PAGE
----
Pelvis constellation

It was a pleasant surprise to find that David Dickinson had tweeted:

Forbidden Island: A wonderful constellation-based riddle courtesy of @guyottewell #Space #Astronomy

and this somehow got into Astronomy News on and was “favorited.” I’m not sure I have that terminology right – I don’t yet speak Socialmedian.

Anyway it encourages me to serve up another riddle. What is this constellation? Its traditional name is from something it doesn’t much look like, and it has been likened to something else, and those two things (the one it slightly looks like and the one it’s supposed to be) rhyme.


The pelvis is my own, viewed from the front.

Fifteen days after my fall into a rocky river, the slight pain that prevents me from walking without crutches was not receding and they took me back for a second x-ray. The doctor showed me this image. Where there is one fine white line defining the concave upper edge of the long bone (called the pubis) on one side, there are on the other side two parallel lines close together (arrowed by me). This shows a crack, which will heal itself (unless I do anything else stupid) in about six weeks (less, I hope). He took a photo of his computer screen for me with my iPad.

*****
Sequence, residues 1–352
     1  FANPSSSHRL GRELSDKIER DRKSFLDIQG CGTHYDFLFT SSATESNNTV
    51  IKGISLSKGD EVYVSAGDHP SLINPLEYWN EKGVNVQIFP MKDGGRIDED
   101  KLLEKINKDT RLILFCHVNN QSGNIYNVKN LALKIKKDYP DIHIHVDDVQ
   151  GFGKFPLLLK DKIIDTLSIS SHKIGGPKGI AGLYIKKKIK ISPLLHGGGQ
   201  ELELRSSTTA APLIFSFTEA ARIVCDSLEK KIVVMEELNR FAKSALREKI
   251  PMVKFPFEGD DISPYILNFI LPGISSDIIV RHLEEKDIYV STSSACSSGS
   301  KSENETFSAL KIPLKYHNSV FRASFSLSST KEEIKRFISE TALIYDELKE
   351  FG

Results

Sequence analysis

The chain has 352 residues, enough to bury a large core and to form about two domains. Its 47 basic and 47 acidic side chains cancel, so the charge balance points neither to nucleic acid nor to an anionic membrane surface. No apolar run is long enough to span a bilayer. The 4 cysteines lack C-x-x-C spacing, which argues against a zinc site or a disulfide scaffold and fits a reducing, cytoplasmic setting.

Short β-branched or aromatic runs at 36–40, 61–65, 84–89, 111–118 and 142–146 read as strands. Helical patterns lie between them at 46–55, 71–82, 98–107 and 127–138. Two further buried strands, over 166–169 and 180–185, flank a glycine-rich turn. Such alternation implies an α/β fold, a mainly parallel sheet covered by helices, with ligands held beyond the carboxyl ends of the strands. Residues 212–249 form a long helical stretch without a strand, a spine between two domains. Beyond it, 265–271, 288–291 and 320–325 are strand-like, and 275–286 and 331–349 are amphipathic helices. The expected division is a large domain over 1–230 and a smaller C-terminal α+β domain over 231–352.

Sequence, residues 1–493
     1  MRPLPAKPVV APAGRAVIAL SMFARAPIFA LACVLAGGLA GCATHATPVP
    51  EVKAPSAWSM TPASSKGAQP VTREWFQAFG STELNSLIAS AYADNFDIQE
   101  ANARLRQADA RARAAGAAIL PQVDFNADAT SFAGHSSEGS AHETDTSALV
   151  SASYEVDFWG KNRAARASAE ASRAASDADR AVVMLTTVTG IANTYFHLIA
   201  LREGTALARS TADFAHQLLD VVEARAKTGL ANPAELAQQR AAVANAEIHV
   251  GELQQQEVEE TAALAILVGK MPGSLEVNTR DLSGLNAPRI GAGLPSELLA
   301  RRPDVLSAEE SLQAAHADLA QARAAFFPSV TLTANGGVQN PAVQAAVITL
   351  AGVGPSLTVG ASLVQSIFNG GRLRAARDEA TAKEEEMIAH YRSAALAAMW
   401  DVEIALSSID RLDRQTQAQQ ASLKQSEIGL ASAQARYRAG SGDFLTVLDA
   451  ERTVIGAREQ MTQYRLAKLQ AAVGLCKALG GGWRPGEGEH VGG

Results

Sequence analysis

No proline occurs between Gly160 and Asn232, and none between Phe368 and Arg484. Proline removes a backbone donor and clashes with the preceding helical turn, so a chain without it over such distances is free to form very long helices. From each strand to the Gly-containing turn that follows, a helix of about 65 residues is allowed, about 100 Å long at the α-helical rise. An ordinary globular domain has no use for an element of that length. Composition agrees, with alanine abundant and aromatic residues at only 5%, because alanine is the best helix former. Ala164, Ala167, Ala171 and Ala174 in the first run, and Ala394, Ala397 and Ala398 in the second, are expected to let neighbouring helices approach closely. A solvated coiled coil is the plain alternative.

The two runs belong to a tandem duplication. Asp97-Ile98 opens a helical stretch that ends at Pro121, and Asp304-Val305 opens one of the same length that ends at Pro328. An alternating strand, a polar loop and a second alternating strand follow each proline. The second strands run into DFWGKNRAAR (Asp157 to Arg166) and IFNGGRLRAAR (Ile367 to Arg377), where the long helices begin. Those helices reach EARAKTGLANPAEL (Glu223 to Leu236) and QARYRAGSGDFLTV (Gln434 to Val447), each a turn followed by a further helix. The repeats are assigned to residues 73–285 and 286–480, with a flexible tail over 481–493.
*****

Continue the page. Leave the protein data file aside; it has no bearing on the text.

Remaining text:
All this care, under the British health service, has cost me nothing, except for one car journey to the hospital town thirty miles away.

You guessed the constellation easily, I expect: the one that is supposed to be a goat but looks more like a boat. The Sun is in it now, according to astrology, having entered it at midwinter, though in the real sky the Sun won’t move into it till January 20.

3 thoughts on “Pelvis constellation”

  1. Did you Panic when the monster attacked you? When you fell in the river, were you half in the water and half out? Did this whole episode get your goat?

    Best wishes for a speedy recovery. Take good care.

    1. I didn’t panic, because at such moments adrenaline obliterates fear and pain, but I know what Anthony means: the Great God Pan was half goat, like Capricornus. He was also said to be the only god who died.

      1. Oh yes, and I was half in and half out of the water, like Capricornus (whose front half is goat and rear half fish). Actually I was much less than half in the water, and my struggle was to get my right leg out from under the rear wheel of my bicycle, so it’s a mystery how the only blow seemed to have been to my left side. There’ve been similar mysteries after other bicycle crashes, which seem to happen at intervals of about 8,000 miles.

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